“ Continual ” by Giulia De Francesco, Issue 8, The Adroit Journal
It’s that time of year again – the time when we lie in bed and stay in our pajamas until 4 PM reading all of the books we never got a chance to read earlier in the year. Okay, maybe we’re the only ones who stay in their pajamas all day. But that’s irrelevant. We don’t want to share our lazy holiday habits with you, but we do want to share these poems. We took a look through the Adroit archive to find some excellent poems to get you in the wintry mood, whether you choose read them in your pajamas or not.
“Four Elements” by Marie Gauthier (Issue Five)
On the stovetop, cocoa melds
with condensed milk in a pot
warming on the burner.
Small economies: how the sun
weakens in December, bows
to evening before the end
“The Ordained” by Jacques J. Rancourt (Issue Eight)
If God were a season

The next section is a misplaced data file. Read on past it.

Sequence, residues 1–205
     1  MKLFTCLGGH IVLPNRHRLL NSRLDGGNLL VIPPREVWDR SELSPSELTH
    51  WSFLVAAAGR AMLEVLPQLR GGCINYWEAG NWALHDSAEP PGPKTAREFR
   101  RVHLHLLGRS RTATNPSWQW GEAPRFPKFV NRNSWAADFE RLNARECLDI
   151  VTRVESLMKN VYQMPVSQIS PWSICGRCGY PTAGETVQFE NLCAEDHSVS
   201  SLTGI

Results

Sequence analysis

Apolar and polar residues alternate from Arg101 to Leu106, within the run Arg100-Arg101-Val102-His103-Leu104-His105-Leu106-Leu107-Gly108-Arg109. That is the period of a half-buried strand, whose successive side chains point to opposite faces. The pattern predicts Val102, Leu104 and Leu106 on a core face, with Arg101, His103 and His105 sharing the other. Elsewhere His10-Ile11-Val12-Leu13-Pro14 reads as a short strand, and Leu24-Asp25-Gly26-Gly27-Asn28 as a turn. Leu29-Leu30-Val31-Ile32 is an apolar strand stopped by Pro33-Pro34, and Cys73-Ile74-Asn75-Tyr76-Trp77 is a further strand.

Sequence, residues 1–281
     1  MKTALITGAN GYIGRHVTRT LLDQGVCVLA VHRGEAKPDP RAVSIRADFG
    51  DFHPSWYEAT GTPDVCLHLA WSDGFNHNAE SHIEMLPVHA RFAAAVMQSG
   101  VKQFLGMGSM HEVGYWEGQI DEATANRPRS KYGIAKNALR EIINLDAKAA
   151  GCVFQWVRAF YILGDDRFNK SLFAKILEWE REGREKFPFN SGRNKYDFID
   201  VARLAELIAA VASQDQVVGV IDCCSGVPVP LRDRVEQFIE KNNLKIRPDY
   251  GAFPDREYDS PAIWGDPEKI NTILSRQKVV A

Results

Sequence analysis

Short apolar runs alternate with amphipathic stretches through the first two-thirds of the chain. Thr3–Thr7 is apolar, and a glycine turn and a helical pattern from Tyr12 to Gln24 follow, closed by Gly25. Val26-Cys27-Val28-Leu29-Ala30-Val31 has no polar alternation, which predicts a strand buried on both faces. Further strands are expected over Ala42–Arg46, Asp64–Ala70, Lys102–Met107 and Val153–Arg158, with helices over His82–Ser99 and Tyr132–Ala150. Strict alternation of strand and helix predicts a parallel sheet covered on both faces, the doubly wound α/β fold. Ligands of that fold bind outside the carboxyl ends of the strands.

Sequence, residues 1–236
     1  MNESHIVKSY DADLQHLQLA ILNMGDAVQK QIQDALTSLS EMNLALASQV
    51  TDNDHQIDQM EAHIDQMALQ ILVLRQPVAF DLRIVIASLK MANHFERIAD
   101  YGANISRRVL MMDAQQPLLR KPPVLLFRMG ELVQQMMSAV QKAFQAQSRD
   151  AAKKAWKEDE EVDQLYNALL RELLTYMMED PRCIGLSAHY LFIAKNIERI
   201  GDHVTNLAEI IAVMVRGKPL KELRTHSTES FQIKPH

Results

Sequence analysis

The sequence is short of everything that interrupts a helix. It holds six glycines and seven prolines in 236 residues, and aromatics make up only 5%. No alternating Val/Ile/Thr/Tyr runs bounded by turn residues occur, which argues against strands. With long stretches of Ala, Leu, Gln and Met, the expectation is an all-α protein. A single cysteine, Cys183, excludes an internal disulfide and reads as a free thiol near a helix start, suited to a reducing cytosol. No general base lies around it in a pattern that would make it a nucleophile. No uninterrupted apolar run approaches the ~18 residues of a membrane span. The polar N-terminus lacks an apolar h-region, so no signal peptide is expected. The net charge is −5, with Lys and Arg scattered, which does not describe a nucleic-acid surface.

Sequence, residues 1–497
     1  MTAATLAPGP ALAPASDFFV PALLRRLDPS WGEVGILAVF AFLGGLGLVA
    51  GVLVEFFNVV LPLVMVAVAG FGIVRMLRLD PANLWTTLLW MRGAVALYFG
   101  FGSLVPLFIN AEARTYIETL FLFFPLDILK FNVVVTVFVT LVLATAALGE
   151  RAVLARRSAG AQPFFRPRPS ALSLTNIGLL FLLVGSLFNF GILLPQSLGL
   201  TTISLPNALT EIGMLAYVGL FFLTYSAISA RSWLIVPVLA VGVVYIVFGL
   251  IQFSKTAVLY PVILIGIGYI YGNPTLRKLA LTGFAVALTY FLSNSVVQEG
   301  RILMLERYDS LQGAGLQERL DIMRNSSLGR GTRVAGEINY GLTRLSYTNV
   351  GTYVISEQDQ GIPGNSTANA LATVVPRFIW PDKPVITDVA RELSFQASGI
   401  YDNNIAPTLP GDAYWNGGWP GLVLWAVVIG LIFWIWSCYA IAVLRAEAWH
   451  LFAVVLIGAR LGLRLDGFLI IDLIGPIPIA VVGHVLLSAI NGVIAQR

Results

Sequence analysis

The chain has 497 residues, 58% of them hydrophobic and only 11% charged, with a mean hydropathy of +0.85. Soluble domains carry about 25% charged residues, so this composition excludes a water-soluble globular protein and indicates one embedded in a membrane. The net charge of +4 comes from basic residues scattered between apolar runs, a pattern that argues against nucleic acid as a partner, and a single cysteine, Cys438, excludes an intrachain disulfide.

then he would surely be winter, would ground
by starvation, by frostbite, he would bate
in pairs. […]
I gave my soul to God but he wanted
my body. I gave to winter what belonged
to winter. The rest I cut free with a knife.
“Ode to a Skeleton Key” by Bruce Bond (Issue Six)
Once I saw you as the silent tongue
in the bell of lamplight above my bed
and thought, how strange to have any other,
or locks for that matter, though even then
you betrayed only the oldest closet,
the dark no greed or anger would disturb.
“Midwinter” by Richie Hofmann (issue nine)
reflected like a sequin, like summer even,
though it was New Years Day, and the world
was dusky, and the dog, the house, the woods, the books—
they weren’t even ours.
“In Another Life” by Ruth Foley (Issue Four)
You have been alive for the past
thirty years. You prefer the ocean
to the mountains. You have let your hair
grow long again, and tie it back when
the babies come to visit. You had more
children, and they had children. In
the winter, they come to your house to sled
on the hill that leads out of your woods.
“Late Winter Parallax” by Rebecca Kaiser Gibson (Issue Two)
So many limbs, the sturdy hemlock
and this silent mimicry. They sleep
just out of reach. I reach
breathless at their breathing – such gestures,
the stretched neck, the seeking after.